Mane Topics, Vol. 72:3:5, March 30, 1999

The Coevolution of the Monarch Butterfly, Danius plexippus, and the Saber Tooth Lion, Smilodon fatalis.
    by Charles M. Nelson

Rancho La Brea, CA. Palaeontologists and museum officials are meeting with the press this Thursday to reveal the remarkable coevolution of California's official state fossil, Smilodon fatalis, the Saber Tooth Lion, and that other Californian icon, the Monarch butterfly, Danaus plexippus. The third unhappy star of the event is the elephant, who palaeontologists are casting as the "heavy" in this ancient drama. All three are now on view together at a new, in situ museum display built over a portion of the ancient bone bed where the tar pits claimed the lives of so many careless creatures of yore, more than 12,000 years ago.

In defense of Monarchs: Smilodon in action at La Brea - R. Zalinger 1953.


Rudolf (Rudi) Zallinger 1919-1995

This amazing story begins with Rudi Zallinger. In 1950, Rudi created the famous Peabody Museum dinosaur mural that had such a profound influence on the popular mind and mainstream palaeontology. In 1953, Life commissioned a series of works on the Age of Mammals. In due course. these became the mammal mural at the Peabody. The painting above is his original study for summer at the La Brea tar pits, showing Smilodon, the elephant and the Monarch butterflies. These last were removed when the mural was painted due to the absence of fossil evidence of Monarchs at La Brea, a missing link that is now being reported.

Smilodon is well known from Rancho La Brea, where over 2,000 individuals have been recovered and where the bones of Elephants are also abundant. But the star of the new exhibit is the Monarch butterfly, recovered for the first time in its fossil form during ongoing excavations in La Brea's fossil beds.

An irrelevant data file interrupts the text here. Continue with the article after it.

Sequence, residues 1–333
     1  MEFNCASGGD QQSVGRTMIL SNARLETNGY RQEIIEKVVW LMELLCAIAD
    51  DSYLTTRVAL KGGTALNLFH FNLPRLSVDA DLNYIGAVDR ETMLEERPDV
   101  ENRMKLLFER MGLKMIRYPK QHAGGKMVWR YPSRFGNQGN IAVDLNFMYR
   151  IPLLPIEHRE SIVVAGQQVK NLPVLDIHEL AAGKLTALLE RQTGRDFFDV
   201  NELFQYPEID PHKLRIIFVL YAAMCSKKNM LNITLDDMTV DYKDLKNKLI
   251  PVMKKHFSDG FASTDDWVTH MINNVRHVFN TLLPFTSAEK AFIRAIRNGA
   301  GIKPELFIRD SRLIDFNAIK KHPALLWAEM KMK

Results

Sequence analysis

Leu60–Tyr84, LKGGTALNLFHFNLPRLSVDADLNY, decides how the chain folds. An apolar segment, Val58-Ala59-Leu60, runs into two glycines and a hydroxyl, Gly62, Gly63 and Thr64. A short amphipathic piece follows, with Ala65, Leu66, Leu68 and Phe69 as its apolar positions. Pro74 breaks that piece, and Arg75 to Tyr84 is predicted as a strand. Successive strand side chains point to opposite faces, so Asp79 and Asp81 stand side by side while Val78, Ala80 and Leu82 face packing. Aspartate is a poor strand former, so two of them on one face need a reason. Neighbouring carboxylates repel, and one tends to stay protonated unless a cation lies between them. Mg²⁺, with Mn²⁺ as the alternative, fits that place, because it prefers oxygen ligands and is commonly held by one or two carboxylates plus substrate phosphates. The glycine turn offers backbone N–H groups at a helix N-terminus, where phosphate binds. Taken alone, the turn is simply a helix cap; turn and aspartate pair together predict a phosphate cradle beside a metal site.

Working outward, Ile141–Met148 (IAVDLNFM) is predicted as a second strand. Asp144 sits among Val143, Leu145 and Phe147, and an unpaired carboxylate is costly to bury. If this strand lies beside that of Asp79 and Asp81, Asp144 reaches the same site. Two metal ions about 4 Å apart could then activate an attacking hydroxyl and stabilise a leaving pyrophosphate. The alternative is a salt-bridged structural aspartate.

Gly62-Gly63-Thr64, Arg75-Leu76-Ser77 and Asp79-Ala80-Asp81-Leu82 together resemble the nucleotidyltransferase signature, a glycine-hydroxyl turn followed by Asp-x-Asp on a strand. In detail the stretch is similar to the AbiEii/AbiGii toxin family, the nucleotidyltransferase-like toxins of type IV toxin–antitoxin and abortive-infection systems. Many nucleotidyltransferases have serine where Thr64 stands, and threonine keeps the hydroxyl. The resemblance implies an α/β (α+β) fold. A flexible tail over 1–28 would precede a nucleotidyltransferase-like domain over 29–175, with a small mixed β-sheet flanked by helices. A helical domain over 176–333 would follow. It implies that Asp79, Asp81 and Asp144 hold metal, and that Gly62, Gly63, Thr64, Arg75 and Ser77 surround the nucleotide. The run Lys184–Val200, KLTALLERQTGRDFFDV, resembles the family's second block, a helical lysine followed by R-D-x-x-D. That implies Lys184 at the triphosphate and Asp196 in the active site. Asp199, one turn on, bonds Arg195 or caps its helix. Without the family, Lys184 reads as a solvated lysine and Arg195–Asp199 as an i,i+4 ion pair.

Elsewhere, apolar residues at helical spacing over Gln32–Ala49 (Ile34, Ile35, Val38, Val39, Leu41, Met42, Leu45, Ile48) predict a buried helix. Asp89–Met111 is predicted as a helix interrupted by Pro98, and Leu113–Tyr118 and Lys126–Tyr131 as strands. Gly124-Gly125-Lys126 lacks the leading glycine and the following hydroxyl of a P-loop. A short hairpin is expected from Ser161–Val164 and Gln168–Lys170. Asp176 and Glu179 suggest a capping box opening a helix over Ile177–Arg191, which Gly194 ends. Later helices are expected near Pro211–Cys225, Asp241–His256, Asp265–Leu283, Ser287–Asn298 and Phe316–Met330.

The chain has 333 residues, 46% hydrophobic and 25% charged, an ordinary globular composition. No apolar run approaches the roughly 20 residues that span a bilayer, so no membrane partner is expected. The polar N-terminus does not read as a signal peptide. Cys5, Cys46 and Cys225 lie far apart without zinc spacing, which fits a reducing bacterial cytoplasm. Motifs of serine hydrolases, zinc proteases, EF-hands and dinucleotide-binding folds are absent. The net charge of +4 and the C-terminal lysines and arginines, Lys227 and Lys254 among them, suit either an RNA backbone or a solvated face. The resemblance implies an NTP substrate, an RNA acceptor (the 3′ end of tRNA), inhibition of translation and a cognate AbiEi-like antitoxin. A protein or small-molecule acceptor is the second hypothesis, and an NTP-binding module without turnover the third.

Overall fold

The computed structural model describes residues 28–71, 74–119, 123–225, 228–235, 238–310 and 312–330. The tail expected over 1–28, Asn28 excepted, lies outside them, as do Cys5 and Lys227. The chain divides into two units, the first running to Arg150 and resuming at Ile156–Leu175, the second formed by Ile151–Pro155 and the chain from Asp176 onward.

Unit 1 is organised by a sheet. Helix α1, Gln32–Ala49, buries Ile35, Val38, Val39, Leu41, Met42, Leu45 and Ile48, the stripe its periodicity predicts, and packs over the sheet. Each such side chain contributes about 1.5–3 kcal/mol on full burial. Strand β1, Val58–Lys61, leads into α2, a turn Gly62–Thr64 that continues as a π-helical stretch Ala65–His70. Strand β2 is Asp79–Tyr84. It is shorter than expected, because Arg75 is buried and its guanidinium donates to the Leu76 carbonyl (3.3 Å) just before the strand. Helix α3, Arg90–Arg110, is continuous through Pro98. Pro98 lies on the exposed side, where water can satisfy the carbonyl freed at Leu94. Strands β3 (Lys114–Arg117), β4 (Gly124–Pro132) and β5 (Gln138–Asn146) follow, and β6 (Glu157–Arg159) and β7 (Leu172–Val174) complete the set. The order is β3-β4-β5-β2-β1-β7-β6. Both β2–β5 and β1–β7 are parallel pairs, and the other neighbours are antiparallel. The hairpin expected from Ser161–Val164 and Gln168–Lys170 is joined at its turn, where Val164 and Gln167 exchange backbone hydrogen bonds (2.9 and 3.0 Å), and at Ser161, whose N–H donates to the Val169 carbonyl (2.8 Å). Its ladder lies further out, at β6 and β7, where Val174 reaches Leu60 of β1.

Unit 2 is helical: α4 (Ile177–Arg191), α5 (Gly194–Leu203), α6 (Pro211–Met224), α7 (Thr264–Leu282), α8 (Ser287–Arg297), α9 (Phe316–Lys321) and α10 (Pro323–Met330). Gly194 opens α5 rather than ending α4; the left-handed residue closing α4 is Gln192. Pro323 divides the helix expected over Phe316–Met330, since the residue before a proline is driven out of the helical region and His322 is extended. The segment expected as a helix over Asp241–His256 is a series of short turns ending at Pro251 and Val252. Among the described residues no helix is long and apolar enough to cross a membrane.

A Monarch Butterfly fossil recently found in the Rancho La Brea bone bed closely associated with Smilodon fatalis. Here the fossil is photographed using the same special ultraviolet light frequency which has been used so successfully to reveal the soft body parts of dinosaurs. This throws the wing structure and pigment spots into bold relief and even gives some hint of the scale pigmentation between the dark veins in the wings.

The Monarch has the ability to spray a cloud of toxic scales into the nose of any bird which tries to eat it. This ability, we are now told, evolved in part as a defense mechanism against elephants who found butterflies of the Monarch family to be alluring as cat nip is to most cats. Indeed, the trunk of the elephant evolved partly to suck Monarchs out of the boughs of the trees where they congregate. Unfortunately for the Monarch, the elephant's trunk technology evolved more rapidly than the Monarch's biochemical defense mechanism. The development of a migration pattern which congregated Monarchs in a small portion of the elephant's total range was a further adaptation, but only partially effective due to the gluttonous apatite of pachyderms.

Things might have gone badly for the Monarch but for Smilodon, the only natural predator of the elephant. Monarchs learned to light out on water vegetation at the margins of large ponds and lakes, and on the tar ponds of the La Brea. The elephant would come to the edge of the lake, or the tar pit, and stretch out its trunk in an effort to vacuum in a butterfly or two. A bit to close and the butterfly retreats a bit. Just a little further -- just a stretch of the trunk and ... Smilodon fatalis pounces, sinking his enormous sabers into the hapless pachyderm, and the Monarchs fly happily about their business. The elephant became extinct in the Americas as Smilodon gave way to the Mountain Lion, but the Monarchs fly on happily, a living memorial to the king of beasts.